Well, it looks like POTUS was right about the pandemic when he said: “It is what it is.”
And the IS now is that Trump and Melania and some White House staffers have tested positive for the virus and have to self-isolate for 10 days or so. Good grief. I’m sure the last thing Melania wants to do is be in quarantine with the Doofus In Chief. Thoughts and prayers to her. I digress.
Ah, I don’t really take any joy or satisfaction in Trump testing positive. And I hope he, the First Lady and the thousands of others in this country who will test positive today and in the days ahead all have a full and speedy recover.
But let’s be honest about this. Does it really surprise anyone that POTUS has tested positive? If he would have followed the advice of the medical experts months ago maybe thousands of Americans would still be alive and the rest of us could get back to worrying about the Major League Baseball playoffs instead of having to read and listen to the barrage of news about the Prez.
I guess leadership and competence really do matter. I digress again.
Anyway, I echo the thoughts of House Speaker Nancy Pelosi who opined this morning that some good can come of this if people — read that as Trump supporters — now take the virus seriously and do what the medical experts have been telling us to do: wear a mask, social distance, wash your hands, avoid crowds and stay home when possible.
Well, if you thought the year 2020 couldn’t get any worse, you might have to reconsider that view with the death of Ruth Bader Ginsburg Friday.
Clearly, the country — and the Supreme Court — has lost an icon with the passing of Justice Ginsburg, a champion for equal rights under the law.
In my view, Justice Ginsburg represents what is right about America, a noble yet imperfect exercise in representative democracy. Sadly, with her death, we’re about to witness everything that is wrong with this country: partisan bickering where the power brokers Inside the Beltway and elsewhere do what they can to advance their own agenda with the public be damned.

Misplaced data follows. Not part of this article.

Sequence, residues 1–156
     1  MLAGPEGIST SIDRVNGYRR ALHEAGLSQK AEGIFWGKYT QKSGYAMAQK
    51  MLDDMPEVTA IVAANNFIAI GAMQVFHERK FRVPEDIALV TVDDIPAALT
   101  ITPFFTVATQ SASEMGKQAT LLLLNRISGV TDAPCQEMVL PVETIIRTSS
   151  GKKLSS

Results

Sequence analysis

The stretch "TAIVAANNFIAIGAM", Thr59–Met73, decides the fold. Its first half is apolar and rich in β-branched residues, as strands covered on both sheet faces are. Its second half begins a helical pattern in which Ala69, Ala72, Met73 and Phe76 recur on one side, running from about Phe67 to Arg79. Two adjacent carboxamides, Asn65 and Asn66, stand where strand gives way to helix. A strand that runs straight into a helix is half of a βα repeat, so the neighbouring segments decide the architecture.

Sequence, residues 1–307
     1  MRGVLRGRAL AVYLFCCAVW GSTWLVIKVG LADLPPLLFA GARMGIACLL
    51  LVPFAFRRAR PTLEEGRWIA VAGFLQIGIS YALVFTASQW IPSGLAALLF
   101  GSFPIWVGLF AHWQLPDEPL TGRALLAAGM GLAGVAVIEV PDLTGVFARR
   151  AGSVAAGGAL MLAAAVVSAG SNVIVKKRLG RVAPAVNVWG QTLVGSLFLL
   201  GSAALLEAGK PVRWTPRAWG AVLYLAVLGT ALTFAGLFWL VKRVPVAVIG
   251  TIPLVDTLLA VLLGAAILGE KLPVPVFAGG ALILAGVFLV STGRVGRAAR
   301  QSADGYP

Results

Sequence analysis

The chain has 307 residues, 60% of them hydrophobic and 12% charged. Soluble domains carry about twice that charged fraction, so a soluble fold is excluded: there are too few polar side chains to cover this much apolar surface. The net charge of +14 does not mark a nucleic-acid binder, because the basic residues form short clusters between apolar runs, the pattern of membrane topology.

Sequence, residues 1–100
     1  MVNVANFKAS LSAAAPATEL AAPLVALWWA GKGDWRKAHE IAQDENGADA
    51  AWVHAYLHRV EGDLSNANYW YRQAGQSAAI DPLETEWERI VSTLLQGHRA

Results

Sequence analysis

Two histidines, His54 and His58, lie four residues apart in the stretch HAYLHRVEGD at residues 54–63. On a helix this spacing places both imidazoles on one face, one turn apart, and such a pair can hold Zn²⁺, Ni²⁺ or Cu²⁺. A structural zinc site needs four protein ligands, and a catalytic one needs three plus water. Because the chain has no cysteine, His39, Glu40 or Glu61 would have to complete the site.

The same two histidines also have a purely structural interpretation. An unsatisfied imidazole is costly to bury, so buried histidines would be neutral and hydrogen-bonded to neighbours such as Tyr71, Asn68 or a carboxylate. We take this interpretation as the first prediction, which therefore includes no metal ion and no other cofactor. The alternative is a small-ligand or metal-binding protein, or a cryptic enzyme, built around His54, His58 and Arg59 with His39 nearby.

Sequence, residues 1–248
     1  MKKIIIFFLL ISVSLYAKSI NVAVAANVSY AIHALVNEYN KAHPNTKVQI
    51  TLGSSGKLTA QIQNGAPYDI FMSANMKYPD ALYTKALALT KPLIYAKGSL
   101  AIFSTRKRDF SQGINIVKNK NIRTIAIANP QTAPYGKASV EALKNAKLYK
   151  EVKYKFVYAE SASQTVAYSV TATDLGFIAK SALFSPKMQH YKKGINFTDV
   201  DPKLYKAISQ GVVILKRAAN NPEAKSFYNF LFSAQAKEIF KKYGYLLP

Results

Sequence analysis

Well, don’t take my word for it. Here’s from an email that I received from Bernie Sanders over the weekend.
First and foremost, the passing of Justice Ruth Bader Ginsburg is a tremendous loss for our country. She was an extraordinary champion of equal rights and will be remembered as one of the great justices in modern American history.
That said, the right thing to do here is obvious, and that is to wait for whoever wins the presidential election to appoint the next Supreme Court Justice.
Unfortunately, we’ve already heard from Mitch McConnell that he has decided to go against Justice Ginsburg’s dying wish — and his own words from 2016 — in order to bring a judge nominated by Trump to the floor of the United States Senate.
McConnell’s goal, maybe above all others, is to pack the courts with partisan ideologues who will protect corporations at the expense of workers, will suppress people’s right to vote, and will allow the wealthy to buy our elections. And make absolutely no mistake about it, if he gets his way in this Supreme Court fight, that will be the end of Roe v. Wade.
Unfortunately, Congress like the public in general is now split into two camps: conservative and liberal, with neither being willing or able to compromise on important issues. And when you throw the evangelical christians into the mix you have a devil’s brew that leaves a sour taste in the mouths of those who actually believe in individual freedom.
Still realistically, nothing is more important than appointing a Supreme Court justice who can shape how we live in this country for years to come. Since Congress is impotent, the sitting justices essentially determine how we go about living our lives.
So to say that with Justice Ginsburg’s passing “shit just got real” is a classic understatement.
From now until the election and most likely beyond the issue of how and when to seat her successor on the high court will be the most important issue facing members of Congress — and voters.